Hanrahan set for season-ending surgery

Boston Red Sox pitcher Joel Hanrahan will miss the remainder of the season after undergoing surgery for a torn flexor muscle tendon in his right arm.

Hanrahan left Monday's game against Minnesota and tests revealed the damage. He visited Dr. James Andrews for a second opinion and the noted sports surgeon concurred with the original diagnosis.

Andrews will perform the operation some time next week. There is no timetable for Hanrahan's return, although a 6-to-9 month recovery period is normal for the flexor tendon. However, if ligament damage is also determined, a Tommy John procedure could extend the recovery time.

"(Andrews) basically walked in, looked at my arm, touched it, and said there really wasn't a decision," Hanrahan said on Saturday. "The flexor pretty much tore right off the bone. It wasn't really a decision. It's just a matter of what kind of surgery it was going to be. As of now, it's just going to be the flexor. When he gets in there and takes a look, it could be worse, it could be not as bad."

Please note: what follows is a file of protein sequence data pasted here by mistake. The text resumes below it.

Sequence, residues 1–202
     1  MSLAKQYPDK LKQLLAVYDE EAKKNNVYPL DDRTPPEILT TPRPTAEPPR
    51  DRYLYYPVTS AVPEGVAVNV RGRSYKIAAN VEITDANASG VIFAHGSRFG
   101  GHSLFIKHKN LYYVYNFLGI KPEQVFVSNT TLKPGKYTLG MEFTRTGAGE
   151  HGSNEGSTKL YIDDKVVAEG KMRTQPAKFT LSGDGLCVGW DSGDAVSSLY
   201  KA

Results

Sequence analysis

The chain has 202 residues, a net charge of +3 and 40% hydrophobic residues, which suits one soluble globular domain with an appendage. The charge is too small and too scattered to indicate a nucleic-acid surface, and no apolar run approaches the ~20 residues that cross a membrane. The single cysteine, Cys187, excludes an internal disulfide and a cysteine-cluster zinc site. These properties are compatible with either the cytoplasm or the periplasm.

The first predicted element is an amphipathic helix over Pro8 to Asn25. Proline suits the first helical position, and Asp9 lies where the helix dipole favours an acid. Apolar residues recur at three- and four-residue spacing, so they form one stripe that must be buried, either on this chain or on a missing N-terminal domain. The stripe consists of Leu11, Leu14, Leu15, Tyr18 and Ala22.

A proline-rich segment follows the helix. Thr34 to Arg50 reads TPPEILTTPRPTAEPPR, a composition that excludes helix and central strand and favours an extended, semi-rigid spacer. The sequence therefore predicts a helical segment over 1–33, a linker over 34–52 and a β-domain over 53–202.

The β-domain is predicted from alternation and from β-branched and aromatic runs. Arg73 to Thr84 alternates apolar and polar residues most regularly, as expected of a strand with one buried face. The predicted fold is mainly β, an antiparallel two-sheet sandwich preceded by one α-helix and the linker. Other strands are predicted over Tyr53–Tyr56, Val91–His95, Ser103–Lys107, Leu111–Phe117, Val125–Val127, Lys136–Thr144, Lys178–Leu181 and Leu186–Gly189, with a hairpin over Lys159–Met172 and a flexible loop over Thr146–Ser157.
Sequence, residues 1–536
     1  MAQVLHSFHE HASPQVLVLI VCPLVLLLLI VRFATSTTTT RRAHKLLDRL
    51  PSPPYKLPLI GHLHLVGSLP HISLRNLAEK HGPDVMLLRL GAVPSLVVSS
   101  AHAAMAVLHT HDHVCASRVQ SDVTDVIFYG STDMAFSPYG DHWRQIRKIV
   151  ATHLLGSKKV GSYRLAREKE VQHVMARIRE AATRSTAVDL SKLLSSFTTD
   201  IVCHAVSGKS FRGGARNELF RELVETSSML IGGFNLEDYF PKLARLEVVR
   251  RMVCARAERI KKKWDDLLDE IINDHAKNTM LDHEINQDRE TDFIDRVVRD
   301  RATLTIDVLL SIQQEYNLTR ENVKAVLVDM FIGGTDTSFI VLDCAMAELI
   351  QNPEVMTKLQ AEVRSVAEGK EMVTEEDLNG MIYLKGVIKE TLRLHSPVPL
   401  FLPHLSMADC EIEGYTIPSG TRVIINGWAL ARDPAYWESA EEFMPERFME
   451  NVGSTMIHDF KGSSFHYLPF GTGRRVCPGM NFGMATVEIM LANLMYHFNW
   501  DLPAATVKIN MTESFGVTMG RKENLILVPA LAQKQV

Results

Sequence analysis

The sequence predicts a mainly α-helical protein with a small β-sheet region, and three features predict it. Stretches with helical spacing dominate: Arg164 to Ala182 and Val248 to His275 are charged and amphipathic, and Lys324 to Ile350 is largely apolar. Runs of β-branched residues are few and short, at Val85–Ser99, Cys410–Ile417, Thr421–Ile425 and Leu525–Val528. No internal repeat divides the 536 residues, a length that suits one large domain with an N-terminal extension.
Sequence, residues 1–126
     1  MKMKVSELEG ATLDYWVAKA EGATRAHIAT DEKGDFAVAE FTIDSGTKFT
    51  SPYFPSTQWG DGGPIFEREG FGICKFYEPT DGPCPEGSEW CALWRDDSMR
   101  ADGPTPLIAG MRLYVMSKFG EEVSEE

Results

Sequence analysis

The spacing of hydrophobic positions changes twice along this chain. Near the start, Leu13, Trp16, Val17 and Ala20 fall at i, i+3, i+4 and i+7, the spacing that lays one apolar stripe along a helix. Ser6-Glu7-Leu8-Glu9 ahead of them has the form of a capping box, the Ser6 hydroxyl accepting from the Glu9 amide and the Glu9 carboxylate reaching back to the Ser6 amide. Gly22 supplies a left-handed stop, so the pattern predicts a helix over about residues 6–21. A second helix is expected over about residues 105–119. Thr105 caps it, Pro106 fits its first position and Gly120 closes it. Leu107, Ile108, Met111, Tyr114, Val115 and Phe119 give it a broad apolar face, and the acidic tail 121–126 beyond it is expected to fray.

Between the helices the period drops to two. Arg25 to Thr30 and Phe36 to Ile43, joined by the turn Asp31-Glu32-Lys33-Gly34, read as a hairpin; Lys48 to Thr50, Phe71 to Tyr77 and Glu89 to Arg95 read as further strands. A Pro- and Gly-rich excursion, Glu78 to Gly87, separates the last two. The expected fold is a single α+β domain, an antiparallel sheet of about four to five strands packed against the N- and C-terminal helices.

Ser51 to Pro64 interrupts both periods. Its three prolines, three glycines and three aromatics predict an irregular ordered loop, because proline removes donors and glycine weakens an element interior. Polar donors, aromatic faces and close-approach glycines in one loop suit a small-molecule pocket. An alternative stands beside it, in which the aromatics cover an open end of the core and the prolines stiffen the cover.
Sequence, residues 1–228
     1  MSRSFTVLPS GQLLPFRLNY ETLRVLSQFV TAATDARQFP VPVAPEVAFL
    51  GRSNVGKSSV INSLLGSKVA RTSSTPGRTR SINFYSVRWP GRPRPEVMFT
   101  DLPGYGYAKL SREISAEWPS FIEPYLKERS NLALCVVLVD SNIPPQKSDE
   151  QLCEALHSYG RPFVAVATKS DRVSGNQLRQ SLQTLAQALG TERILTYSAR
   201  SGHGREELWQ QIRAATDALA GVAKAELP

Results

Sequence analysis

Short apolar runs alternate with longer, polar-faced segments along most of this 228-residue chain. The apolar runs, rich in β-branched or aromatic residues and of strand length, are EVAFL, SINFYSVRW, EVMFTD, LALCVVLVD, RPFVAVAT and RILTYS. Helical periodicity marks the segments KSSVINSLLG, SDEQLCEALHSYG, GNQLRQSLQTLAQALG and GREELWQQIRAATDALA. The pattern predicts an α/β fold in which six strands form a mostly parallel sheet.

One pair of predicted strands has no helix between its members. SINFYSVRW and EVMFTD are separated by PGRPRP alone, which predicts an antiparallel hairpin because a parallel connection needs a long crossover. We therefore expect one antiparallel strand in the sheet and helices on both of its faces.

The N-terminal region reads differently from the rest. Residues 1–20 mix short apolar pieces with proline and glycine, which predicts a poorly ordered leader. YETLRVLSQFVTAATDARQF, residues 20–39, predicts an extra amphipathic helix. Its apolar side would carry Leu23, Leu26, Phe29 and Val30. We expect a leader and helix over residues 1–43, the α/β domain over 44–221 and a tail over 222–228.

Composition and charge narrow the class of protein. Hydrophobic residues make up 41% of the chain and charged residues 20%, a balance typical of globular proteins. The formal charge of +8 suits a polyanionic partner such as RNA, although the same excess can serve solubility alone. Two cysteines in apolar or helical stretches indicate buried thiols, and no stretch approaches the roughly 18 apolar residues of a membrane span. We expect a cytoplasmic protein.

The 31-year-old right-hander appeared in just nine games for the Red Sox this season, his first with the club after developing into a reliable closer with Pittsburgh over the past two years. He was 0-1 with four saves and a 9.82 ERA in his limited action in 2013, having missed the final two weeks in April with a hamstring strain.

"The way I look at it is surgery, the guys who are doing it these days and the (rehab) programs that they have, surgery is kind of like putting a Band-Aid on something," Hanrahan added. "They're so good at their job -- kind of like we are -- it kind of takes a lot of the worry out of everything. I'll stick with the programs they have and try to get healthy for next year."

Hanrahan, set to become a free agent after the season, converted 76 saves in 84 opportunities over the past two years for the Pirates. He is 22-18 with 100 saves and a 3.85 ERA in 362 games, all but 11 out of the bullpen, during a seven-year career with Boston, Pittsburgh and Washington.